The immediate reaction to India Test captain Virat Kohli saying that Ravi Shastri’a presence as the team director is a massive boost to the side was whether it was timed to get the former India all-rounder an extension.
One thought Kohli had no business to go public on an appointment which clearly does not fall under his domain. At best he could have discreetly conveyed his preference to the bigwigs in the board.
To be fair to the online magazine, it stated how and where the interview was conducted, but did not say about the timing unless they kept it for the opportune moment.
It is ingenious of the magazine to release the interview it had conducted during the Indian Premier League (IPL) and Kohli expressed his opinion on Shastri’s role on the tour of Australia soon after it ended.
Call it design or accident, the day after the website flashed the interview, the Indian cricket board made the announcement appointing Shastri as director for the tour to Bangladesh.
It is natural to think that Kohli was unabashedly plugging for Shastri, though both were embarrassed and upset at the lengthy quotes were made to look oven-fresh.
Kohli is not the first captain or a senior player to have his own mind. Almost all India coaches have been appointed after consultations with the khalifas in the side. Sachin Tendulkar, Anil Kumble, Rahul Dravid and Sourav Ganguly played no mean part not only in the appointment of overseas coaches but also getting some of their Indian counterparts sacked. Shastri and Sunil Gavaskar were the point men of the board in scouting for the coach.
The senior players successfully pleaded with the board brass to keep certain players out suspecting their commitment to the team’s cause. In a couple of cases they even stated that their presence is vitiating the dressing room atmosphere. The board accepted it without confronting the alleged suspects.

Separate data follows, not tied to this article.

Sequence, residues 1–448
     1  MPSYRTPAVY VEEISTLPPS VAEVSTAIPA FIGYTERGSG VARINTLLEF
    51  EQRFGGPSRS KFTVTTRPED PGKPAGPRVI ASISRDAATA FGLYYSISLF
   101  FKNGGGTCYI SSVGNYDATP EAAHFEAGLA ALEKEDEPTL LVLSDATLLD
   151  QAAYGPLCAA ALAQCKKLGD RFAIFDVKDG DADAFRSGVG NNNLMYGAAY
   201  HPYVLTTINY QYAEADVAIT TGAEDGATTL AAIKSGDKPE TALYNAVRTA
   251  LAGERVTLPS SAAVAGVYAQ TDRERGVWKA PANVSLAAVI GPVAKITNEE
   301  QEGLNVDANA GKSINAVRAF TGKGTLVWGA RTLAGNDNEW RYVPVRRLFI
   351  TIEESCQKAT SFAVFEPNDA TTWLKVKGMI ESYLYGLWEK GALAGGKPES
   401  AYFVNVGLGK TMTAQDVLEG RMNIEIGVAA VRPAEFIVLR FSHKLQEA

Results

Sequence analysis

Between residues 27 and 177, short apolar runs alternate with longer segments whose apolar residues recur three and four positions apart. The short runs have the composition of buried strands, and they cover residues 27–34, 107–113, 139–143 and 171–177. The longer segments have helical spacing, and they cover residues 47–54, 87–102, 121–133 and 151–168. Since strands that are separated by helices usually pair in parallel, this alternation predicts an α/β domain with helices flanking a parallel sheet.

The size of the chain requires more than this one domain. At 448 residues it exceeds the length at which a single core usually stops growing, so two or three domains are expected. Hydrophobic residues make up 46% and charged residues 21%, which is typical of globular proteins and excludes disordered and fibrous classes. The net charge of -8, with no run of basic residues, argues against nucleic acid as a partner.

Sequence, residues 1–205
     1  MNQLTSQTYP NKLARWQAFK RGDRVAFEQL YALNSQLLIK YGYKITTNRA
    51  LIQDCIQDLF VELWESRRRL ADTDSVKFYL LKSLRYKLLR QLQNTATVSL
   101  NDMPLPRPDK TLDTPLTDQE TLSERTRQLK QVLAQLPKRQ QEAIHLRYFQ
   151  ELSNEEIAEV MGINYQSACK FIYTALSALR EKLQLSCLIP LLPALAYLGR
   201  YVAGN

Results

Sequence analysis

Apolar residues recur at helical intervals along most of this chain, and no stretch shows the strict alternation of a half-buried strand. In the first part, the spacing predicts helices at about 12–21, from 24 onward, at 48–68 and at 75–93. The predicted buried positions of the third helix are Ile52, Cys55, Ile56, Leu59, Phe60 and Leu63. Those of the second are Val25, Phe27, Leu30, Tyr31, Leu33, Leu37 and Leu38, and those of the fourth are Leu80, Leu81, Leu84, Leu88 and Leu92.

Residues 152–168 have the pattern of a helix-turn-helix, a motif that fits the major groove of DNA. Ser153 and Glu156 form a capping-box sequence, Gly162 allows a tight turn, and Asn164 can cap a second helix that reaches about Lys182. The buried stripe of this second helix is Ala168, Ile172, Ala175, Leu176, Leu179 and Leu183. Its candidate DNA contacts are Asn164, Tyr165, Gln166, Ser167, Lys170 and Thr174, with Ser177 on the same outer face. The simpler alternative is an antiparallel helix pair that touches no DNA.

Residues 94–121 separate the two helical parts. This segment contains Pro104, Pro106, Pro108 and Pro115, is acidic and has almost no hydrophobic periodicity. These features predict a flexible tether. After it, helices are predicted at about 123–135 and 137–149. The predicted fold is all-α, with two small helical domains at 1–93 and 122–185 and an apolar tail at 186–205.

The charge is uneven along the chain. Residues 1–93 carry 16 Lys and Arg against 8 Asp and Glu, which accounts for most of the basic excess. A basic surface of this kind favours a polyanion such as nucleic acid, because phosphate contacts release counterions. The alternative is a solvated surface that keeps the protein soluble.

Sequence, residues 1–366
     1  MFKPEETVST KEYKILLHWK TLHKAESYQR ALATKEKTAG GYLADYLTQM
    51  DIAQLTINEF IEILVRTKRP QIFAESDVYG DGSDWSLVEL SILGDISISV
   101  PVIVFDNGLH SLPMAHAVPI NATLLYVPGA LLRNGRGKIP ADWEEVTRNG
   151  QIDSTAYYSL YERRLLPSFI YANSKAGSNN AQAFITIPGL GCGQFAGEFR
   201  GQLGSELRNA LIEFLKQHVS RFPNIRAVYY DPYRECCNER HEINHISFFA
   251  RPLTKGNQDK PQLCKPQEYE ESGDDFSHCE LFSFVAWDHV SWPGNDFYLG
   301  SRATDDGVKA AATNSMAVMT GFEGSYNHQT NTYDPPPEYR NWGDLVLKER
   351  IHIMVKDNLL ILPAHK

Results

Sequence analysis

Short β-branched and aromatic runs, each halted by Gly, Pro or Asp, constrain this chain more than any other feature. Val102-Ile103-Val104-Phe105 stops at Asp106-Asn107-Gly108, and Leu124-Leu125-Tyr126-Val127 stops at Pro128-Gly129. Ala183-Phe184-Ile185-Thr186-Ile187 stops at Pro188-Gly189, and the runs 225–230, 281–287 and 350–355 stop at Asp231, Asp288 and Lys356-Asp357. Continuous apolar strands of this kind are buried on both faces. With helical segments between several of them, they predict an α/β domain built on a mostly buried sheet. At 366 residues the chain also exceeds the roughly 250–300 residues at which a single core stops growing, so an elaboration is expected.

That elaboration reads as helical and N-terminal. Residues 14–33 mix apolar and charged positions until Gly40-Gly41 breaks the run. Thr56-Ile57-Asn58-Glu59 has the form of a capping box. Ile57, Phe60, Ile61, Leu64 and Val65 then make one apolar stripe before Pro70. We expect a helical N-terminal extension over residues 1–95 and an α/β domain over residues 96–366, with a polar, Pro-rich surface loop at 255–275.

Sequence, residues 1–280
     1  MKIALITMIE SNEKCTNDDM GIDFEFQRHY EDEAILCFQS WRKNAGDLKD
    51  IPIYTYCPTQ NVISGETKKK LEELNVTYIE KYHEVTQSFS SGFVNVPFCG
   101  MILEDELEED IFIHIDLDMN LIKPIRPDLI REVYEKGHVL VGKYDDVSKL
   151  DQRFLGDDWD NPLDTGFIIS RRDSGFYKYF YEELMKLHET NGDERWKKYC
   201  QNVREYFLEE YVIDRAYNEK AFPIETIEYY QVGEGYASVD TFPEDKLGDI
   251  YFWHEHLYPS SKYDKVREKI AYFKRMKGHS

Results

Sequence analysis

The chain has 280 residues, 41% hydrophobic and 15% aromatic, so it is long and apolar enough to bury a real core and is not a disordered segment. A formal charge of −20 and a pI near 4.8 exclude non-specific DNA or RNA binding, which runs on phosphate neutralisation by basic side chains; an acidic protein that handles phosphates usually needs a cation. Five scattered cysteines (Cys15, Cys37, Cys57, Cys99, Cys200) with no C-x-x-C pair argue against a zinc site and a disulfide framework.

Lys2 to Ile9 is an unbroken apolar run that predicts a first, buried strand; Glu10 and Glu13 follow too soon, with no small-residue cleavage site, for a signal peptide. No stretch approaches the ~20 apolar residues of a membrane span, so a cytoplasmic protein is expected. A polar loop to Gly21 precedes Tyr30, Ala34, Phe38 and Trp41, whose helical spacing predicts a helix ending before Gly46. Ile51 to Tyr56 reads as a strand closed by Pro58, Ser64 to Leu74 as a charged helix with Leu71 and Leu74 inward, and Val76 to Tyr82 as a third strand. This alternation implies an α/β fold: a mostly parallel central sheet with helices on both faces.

Kohli did not make it appear an off guard off-the-cuff remark. What is even more galling was that Kohli went on and on extolling Shastri’s virtues as if he was seriously making a case for him to be retained as team director.
“He is a guy who does not shy away from responsibility. He is someone who takes the blows on the chin. He keeps moving forward,” is his telling quote about Shastri.
He did not stop there. He listed some of Shastri’s traits, which read like a testimony to him, though it could not have been his brief as captain.
His acclamation of Shastri as the most amazing person to be with the young team at this juncture and the respect the players have for him leaves no one in doubt his intention.
Citing how he himself benefited in Australia by Shastri’s tip of taking guard outside the crease when he was repeatedly failing in England because of technical ineptitude, Kohli did not leave anything for imagination how fond he is of the former India captain.
The operative part is says that Kohli was speaking to the magazine after Shastri’s tenure had ended, following the World Cup. Shastri’s CV was complete when Kohli recalled that someone who has played for over a decade and scored hundreds as an opener after starting at No. 11 early in his career.
Kohli also did not forget to mention his idol Rahul Dravid and makes no secret of his admiration for the Bengalurian. Where does it leave the members of the board’s cricket advisers?
It would be interesting to know what he and Dhoni think of the man who is to be involved with the team’s performance overseas. Also, how will the team be interacting with such a top-heavy think tank?
There are wheels within wheels and only when the experts get into the act can one have a clearer picture.
Like Dhoni, Kohli also speaks his mind without batting an eyelid. During his acclimatisation as captain he should also learn to be diplomatic. It cannot be always eyeball-to-eyeball contact situation he gets into in the field.
After winning the inaugural World Twenty20 title, Dhoni had a quotable quote, that he expects his teammates to give everything for him, even willing to jump in front a moving truck for commitment.
Kohli only talks of preparing a team that should dominate world cricket for the next five or six years. Not a bad roadmap for a man who likes to lead from the front.